Microsoft is one of those companies, and it has veered sharply away from its traditional practices in hopes of capturing a piece of that market. Its Windows Media technology, like the MPEG AVC video standard, allows companies to shrink massive high-definition video files into smaller packages, so that more video can be sent over the same amount of wireless or broadband bandwidth.

In 2003, Microsoft submitted its Windows Media 9 video format to the Society of Motion Picture and Television Engineers standard-setting organization for ratification as a high-definition video standard. In anticipation of that, two separate DVD groups have included Microsoft's technology as part of their next-generation disc standards.

The overture to standards bodies was aimed in large part at reassuring broadcasters and large media companies, which are used to working with standard, instead of proprietary, formats.

But for now, a growing and influential portion of the satellite industry seems set on MPEG 4.

Voom, a relatively small player, announced late last year that it would use MPEG 4 for its broadcasts beginning in mid-2005. Echostar Communications said at the recent Consumer Electronics Show in Las Vegas that it would make a push into high-definition video with its Dish Network beginning this fall, also using MPEG 4. (Cablevision, Voom's parent, said late Thursday that it would sell Voom's Rainbow 1 satellite and some other assets to Echostar for $200 million. It plans to continue service through an unspecified transition period. Echostar said it is assessing how to use the satellite to augment its Dish service.)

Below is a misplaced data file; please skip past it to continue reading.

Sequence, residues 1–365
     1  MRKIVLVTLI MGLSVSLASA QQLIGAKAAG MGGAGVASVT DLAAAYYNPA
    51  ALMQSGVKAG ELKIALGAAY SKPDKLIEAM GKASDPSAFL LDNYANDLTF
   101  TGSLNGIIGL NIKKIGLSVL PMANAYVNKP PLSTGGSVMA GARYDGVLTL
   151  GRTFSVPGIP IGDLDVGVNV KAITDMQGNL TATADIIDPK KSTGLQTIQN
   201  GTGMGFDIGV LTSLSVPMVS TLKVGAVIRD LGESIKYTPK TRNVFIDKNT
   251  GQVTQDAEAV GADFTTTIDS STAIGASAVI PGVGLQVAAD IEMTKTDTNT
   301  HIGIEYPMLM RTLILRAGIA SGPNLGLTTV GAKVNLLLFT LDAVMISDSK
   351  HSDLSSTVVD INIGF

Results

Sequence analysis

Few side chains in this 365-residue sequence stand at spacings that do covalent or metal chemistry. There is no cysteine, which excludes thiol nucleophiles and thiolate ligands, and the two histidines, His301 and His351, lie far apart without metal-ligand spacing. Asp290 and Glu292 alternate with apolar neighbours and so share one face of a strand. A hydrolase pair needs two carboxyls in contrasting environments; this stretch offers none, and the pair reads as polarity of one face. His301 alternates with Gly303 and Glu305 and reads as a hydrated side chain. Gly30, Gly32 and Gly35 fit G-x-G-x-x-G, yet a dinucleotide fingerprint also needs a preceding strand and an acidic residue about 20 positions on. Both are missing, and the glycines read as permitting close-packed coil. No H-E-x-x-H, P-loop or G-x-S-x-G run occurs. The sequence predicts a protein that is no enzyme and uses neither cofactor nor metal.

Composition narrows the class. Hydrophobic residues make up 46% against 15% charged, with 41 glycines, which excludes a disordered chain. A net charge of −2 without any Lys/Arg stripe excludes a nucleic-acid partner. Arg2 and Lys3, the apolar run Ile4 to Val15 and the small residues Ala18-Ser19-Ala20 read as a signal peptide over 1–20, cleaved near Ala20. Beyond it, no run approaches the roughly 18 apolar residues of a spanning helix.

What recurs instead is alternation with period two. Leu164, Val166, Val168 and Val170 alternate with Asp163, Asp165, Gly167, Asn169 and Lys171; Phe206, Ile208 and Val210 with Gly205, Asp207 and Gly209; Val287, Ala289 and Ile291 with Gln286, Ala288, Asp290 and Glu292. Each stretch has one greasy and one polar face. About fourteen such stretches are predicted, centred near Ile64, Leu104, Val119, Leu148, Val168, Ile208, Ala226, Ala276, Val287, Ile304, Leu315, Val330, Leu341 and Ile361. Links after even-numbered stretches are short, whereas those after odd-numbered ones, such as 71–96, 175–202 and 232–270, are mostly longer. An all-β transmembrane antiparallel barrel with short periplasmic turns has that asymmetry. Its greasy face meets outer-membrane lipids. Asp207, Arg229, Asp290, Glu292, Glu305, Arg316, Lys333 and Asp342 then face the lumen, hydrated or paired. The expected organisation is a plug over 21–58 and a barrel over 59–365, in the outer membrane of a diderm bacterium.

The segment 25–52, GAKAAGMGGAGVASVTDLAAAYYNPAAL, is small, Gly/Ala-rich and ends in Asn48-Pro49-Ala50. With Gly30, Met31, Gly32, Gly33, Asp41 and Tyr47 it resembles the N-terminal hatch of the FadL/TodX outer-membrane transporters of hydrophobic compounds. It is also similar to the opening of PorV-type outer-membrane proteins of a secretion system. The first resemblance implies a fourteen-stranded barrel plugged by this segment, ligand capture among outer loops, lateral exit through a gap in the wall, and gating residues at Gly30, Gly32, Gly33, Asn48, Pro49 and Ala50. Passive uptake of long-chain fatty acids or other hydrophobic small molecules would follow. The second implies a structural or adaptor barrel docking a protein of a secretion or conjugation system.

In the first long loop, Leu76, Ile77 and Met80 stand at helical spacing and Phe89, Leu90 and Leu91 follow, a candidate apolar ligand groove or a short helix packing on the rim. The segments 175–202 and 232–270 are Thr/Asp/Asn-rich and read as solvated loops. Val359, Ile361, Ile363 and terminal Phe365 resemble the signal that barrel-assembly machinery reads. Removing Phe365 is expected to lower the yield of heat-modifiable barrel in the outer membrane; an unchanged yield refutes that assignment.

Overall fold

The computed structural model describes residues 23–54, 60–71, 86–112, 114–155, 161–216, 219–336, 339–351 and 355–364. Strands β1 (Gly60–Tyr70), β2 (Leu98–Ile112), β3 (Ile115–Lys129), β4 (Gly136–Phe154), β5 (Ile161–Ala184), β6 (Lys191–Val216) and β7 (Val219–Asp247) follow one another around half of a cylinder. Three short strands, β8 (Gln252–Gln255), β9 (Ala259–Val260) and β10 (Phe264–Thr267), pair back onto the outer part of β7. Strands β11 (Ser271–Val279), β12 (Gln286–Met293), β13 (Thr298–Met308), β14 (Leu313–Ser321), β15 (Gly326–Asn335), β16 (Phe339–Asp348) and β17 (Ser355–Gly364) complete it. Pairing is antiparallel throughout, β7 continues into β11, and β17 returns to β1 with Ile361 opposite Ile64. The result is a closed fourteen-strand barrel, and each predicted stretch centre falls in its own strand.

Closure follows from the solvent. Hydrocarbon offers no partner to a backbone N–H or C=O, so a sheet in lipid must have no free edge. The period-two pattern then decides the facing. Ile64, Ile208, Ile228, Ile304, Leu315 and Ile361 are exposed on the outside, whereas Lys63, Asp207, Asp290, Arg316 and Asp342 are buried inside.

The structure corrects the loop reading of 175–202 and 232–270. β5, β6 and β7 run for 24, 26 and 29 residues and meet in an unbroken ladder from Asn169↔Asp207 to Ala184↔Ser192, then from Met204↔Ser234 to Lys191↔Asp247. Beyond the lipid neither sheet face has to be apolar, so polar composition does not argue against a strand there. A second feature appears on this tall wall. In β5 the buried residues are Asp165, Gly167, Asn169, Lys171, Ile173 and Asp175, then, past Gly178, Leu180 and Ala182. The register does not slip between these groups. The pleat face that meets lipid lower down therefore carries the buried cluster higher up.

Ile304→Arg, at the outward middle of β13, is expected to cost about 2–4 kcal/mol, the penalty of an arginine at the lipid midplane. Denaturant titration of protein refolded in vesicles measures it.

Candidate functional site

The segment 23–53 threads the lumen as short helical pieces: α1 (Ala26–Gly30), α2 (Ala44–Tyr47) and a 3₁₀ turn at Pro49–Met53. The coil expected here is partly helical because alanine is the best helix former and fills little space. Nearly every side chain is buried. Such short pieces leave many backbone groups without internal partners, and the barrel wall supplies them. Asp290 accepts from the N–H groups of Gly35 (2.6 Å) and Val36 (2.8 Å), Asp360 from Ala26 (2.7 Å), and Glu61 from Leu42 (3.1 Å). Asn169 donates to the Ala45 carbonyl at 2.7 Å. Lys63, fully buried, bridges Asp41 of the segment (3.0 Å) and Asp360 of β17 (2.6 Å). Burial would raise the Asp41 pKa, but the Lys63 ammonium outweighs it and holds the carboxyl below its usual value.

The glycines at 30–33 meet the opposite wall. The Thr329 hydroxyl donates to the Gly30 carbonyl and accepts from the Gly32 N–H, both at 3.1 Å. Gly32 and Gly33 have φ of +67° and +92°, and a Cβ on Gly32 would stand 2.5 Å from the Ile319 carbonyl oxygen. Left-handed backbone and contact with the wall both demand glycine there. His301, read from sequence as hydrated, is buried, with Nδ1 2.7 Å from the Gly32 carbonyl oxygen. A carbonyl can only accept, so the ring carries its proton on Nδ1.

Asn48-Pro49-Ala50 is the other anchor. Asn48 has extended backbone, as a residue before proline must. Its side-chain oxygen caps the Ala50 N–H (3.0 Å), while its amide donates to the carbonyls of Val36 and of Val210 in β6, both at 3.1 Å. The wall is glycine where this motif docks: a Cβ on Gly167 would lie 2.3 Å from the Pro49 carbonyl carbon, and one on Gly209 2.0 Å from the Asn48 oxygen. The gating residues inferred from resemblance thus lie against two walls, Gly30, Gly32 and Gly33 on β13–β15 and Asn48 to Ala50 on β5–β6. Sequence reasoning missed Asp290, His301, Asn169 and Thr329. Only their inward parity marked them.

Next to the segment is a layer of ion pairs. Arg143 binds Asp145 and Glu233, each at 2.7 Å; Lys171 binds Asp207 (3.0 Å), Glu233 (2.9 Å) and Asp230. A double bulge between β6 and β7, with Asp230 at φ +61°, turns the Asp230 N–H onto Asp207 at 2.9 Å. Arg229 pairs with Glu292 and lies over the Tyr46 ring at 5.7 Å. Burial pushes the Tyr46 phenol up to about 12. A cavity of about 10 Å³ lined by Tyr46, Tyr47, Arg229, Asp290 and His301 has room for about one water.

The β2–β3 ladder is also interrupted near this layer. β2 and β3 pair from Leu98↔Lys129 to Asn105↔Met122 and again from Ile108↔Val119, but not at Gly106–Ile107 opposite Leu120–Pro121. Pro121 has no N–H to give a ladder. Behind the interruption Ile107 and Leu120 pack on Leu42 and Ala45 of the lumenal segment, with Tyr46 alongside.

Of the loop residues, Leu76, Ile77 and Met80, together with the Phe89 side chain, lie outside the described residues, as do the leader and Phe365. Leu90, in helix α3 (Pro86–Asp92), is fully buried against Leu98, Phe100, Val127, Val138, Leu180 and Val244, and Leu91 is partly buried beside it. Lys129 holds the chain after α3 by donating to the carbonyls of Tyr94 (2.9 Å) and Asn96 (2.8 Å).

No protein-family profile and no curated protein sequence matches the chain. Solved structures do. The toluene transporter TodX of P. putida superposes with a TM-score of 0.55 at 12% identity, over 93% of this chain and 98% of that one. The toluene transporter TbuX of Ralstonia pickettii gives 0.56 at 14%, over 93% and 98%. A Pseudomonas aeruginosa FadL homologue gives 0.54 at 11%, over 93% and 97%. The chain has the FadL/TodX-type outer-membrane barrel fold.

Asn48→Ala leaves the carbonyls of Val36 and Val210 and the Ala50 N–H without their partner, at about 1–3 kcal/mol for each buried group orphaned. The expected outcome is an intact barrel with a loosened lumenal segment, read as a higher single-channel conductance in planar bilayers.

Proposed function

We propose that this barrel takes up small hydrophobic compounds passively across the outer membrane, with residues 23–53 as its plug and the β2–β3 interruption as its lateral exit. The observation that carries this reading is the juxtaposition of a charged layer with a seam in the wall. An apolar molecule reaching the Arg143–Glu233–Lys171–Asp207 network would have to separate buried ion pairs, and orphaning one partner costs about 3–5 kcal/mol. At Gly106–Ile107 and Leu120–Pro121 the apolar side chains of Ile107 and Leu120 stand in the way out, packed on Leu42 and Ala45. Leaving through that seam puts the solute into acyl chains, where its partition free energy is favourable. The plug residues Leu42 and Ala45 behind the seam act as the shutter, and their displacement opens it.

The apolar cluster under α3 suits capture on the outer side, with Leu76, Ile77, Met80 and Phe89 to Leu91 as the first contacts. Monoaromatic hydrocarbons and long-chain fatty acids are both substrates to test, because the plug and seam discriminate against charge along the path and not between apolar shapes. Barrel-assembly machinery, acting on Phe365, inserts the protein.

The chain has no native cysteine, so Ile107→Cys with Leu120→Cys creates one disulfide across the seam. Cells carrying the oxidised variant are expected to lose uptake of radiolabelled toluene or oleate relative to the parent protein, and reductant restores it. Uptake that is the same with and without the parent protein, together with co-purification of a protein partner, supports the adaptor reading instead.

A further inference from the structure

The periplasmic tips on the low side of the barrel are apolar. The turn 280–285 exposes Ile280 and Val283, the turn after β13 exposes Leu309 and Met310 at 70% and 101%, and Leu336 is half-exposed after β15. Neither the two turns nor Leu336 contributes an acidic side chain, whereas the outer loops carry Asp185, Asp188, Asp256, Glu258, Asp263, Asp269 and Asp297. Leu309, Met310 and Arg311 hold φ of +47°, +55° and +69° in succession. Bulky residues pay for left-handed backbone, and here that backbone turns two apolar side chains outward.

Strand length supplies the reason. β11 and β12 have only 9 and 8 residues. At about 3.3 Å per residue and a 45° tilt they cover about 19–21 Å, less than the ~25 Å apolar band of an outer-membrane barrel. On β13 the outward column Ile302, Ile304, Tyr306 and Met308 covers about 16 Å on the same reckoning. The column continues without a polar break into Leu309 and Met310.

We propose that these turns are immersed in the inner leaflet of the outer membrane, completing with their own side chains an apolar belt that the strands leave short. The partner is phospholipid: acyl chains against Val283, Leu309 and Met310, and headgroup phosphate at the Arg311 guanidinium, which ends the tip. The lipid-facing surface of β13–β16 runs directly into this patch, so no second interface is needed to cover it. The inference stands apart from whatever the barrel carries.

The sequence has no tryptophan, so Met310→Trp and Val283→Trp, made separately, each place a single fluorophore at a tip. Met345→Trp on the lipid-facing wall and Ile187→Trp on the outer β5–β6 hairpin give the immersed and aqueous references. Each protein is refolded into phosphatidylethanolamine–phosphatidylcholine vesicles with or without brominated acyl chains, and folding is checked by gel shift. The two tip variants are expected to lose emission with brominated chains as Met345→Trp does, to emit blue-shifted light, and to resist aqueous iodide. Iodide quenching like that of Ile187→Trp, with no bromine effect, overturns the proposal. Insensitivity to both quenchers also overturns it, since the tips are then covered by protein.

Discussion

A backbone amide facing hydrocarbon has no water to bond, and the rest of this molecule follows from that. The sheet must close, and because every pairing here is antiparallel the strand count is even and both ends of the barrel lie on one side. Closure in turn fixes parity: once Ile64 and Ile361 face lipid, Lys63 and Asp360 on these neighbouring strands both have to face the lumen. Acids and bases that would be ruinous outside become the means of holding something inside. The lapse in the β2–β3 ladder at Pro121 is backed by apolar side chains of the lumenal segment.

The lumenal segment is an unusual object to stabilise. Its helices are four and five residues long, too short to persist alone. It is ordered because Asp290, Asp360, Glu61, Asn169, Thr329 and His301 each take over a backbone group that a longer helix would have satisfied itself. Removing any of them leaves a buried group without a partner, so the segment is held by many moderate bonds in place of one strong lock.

The News Corp.-owned DirecTV announced at the same show that it was moving to MPEG 4, providing a demonstration of the technology over a satellite transmission. The company said it would ultimately replace the high-definition set-top boxes previously purchased by its customers, but it has not said whether it would pay part or all of those costs.

A low-orbit silver lining for Microsoft has come from Sirius Satellite Radio, which said earlier this month that it would use the company's video technology for its just-announced video service.